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Interview from the archives with award-winning poet Charles Harper Webb. We discussed his 2009 book (part of the Pitt Poetry Series), Shadow Ball. His next collection, What Things Are Made Of, will be published by Univeristy of Pittsburgh Press in February 2013.

Today's Write The Book Prompt is to write about a terrible experience that, over time, becomes a cherished memory.

Good luck with this exercise and please listen next week for another.

Music credits: 1) “Dreaming 1″ - John Fink; 2) “Filter” - Dorset Greens (a Vermont band featuring several South Burlington High School students).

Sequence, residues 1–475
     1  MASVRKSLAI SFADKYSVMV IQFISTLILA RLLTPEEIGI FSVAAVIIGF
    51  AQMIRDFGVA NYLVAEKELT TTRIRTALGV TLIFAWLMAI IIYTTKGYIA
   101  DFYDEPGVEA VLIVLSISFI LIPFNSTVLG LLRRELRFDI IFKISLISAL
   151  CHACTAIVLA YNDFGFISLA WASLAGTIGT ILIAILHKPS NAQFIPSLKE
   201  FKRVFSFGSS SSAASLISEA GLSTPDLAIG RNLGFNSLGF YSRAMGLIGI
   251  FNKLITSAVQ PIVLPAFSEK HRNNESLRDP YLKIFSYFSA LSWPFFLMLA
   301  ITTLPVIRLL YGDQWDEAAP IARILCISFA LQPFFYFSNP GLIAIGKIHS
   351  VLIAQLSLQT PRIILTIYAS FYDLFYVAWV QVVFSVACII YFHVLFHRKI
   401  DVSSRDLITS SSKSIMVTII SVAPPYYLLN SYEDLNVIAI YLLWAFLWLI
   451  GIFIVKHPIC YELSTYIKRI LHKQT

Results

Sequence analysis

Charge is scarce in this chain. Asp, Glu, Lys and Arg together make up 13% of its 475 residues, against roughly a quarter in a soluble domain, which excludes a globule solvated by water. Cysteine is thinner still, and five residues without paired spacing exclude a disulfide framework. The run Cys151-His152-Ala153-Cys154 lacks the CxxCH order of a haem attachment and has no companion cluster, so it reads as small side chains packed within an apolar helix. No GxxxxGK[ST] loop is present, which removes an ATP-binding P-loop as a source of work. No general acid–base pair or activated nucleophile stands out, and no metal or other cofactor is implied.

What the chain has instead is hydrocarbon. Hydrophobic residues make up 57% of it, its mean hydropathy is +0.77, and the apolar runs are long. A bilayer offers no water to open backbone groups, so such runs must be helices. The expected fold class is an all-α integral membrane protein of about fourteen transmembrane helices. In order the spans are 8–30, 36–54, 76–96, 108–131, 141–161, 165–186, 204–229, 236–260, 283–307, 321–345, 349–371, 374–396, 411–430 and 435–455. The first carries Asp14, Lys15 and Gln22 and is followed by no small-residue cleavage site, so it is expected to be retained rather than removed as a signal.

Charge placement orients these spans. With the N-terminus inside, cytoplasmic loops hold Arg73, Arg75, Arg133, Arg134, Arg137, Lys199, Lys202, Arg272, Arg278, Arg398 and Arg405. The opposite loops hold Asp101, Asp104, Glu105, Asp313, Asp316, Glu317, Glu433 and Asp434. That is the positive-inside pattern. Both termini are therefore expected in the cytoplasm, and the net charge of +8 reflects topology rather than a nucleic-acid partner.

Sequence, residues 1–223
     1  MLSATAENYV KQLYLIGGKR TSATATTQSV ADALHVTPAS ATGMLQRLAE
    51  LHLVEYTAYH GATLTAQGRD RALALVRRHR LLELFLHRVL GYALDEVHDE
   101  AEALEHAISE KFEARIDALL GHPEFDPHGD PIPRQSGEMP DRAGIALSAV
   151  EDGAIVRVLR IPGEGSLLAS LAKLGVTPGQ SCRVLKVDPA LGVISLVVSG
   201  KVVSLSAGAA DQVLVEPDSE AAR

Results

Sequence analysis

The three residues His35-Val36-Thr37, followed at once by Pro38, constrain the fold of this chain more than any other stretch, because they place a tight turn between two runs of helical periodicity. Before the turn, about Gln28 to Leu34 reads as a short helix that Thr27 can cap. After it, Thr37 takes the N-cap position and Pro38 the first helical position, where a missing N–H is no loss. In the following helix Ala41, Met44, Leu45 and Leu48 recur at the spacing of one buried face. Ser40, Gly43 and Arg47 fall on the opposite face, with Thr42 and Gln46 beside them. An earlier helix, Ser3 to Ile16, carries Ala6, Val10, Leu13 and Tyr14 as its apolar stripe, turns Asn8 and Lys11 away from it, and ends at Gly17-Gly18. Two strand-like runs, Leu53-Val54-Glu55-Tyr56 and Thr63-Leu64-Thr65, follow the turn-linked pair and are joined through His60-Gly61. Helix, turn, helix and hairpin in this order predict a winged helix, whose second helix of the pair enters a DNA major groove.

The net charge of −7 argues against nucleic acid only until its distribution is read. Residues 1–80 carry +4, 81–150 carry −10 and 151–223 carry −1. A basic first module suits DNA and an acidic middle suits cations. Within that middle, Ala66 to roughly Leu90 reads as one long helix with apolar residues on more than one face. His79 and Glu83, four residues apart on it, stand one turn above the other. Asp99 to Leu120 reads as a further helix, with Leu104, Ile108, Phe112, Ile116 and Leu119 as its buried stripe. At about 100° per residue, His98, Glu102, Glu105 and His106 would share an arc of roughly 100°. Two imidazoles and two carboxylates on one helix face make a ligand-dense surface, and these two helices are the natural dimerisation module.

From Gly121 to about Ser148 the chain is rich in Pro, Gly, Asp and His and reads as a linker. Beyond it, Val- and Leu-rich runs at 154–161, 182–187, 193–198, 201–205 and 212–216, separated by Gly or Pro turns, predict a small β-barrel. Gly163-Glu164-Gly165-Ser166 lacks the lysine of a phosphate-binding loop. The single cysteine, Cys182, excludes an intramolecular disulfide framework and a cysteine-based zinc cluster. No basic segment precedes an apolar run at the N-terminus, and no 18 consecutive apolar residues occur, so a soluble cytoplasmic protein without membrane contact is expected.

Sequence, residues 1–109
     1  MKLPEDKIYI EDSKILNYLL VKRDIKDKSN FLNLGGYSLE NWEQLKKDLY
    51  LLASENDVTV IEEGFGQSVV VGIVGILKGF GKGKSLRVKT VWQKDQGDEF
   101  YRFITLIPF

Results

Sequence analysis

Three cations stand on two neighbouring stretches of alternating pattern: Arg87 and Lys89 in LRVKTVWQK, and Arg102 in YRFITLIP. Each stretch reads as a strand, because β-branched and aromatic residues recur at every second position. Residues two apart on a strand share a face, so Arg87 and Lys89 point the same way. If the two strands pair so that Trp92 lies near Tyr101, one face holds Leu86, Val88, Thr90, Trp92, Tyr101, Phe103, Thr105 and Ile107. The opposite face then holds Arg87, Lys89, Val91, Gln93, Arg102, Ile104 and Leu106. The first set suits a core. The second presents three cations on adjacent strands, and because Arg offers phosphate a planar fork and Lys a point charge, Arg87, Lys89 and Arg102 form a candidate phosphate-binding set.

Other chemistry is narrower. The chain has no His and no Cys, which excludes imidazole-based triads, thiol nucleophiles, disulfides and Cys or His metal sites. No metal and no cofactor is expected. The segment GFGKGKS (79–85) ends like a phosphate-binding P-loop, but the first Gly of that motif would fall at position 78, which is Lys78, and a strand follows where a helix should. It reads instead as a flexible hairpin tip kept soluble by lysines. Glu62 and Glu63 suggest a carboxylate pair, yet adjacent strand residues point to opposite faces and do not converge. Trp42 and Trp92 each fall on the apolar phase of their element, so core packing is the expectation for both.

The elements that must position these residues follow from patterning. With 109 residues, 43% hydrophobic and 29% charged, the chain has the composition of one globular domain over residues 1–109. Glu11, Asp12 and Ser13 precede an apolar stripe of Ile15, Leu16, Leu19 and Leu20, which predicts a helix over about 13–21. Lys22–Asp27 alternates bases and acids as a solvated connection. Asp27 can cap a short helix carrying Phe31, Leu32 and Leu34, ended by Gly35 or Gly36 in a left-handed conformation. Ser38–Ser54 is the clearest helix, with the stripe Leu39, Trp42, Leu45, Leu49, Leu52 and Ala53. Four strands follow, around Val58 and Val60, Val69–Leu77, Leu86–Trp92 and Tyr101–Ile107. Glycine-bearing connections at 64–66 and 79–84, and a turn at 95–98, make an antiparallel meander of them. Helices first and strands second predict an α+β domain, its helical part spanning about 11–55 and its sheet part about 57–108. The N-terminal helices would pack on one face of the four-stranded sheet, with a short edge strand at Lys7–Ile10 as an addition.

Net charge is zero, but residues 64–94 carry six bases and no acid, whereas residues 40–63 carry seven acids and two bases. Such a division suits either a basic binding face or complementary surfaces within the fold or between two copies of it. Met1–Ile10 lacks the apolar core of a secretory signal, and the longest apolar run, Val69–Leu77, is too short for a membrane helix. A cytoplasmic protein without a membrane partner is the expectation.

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University of Vermont Professor Paul Kindstedt, author of Cheese & Culture: A History of Cheese and its Place in Western Civilization, published by Chelsea Green.

Today’s Write The Book Prompt is to write about a dining experience involving cheese. Use the words salt, linen, grated, and shadow.

Good luck with this prompt, and please listen next week for another!

Music credits: 1) "Dreaming 1″ - John Fink; 2) "Filter" - Dorset Greens (a Vermont band featuring several former South Burlington High School students).

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Susan Cain, author of Quiet: The Power of Introverts in a World That Can't Stop Talking.